I woke up to the rhythmic sounds of the ocean licking the sand. I was lying on the sand and the sun was barely over the eastern edge of the earth. I was alone, too. I stumbled to my feet, brushed sand out of my hair, out of my mouth, off my face, and off my clothes. I made my way back up the beach to the motel and walked up to the parking lot.
As I came up to the front of the motel I heard all the commotion. There were police cars everywhere. And two ambulances sat with their lights flashing. A rather large state patrol officer came up to me and drew his revolver and pointed it at me.
"Turn around," he said as he grabbed my shoulder and spun me around.
He threw me face down across the hood of the patrol car and held my hands behind me. He put a pair of handcuffs on my wrists and made me stand up and face him.
"Who are you and what are you doing here?" He demanded. I told him who I was, told him I had walked down on the beach during the night and had fallen asleep in the sand. He got my wallet out of my pants and read my drivers license and asked me to verify everything on it. Then he asked me if I had seen anyone or anything down on the beach. I hadn't and told him so. I had no memory of the woman out on the beach.
He was a big Bubbah type of Florida State Patrol Officer and looked mean and mad. We ended up sitting in his cruiser for about half an hour going over everything I had done and seen during the night. Then he released me. As I was walking to my car I noticed two ambulance drivers pushing a gurney across the parking lot. It had a sheet covering it and it was easy to tell there was a body underneath it. The sheet was covered in blood. Lots of blood. The sheet was almost entirely red.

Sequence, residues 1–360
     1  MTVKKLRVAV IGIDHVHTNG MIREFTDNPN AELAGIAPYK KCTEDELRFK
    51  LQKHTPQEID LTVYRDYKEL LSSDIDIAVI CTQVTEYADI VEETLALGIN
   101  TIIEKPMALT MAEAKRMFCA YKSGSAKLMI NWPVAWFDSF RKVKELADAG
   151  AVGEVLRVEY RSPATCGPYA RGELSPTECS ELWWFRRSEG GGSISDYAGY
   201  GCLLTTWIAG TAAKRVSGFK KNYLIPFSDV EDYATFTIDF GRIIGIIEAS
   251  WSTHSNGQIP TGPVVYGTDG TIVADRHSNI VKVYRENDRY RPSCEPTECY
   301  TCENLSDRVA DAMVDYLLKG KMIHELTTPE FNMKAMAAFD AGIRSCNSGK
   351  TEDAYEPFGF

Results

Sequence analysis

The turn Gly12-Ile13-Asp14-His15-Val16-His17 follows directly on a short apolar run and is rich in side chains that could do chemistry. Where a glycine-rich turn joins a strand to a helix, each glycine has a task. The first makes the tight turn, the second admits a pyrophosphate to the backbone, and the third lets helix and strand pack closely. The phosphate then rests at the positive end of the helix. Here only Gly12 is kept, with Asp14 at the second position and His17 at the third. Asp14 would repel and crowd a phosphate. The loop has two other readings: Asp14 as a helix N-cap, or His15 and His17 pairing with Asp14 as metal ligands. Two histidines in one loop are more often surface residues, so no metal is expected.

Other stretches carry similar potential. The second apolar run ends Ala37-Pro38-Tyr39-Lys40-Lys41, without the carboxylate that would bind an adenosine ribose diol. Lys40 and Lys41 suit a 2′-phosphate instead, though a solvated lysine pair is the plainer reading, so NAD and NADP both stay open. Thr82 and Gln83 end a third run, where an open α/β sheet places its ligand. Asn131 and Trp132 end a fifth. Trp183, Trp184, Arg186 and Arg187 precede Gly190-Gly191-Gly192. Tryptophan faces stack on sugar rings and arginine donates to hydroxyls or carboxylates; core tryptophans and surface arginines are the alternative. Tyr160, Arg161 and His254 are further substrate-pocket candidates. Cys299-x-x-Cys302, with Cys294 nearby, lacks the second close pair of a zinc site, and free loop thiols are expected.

I walked faster and got in my car and got the heck out of there fast. I turned and went north, fishing no longer appealed to me I just wanted to get home. Fast.
The sun was up now, shining through the passenger window of my Charger. As I drove north I kept rubbing my neck but wasn't even aware I was doing so. Later on, when I got home and took a shower, I noticed two tiny marks on my neck, like spider bites. I didn't remember being bitten by a spider and forgot about it. Not long after that I moved to Atlanta. It was the early 70's and there was the whole big city of Atlanta to occupy my mind. I sold my Charger not long after coming to Atlanta and forgot all about that car. Until I stood in the parking lot of the Sonic Burger and stared at the one in front of me.
Over the years I have developed a fascination with horror books and horror movies. Stephen King, Dean Koontz, Robert McCammon are the three kings of that genre, and I read everything they put in print. I never wondered why I hold such a fascination with that type of fiction, but it's like a longing, a calling.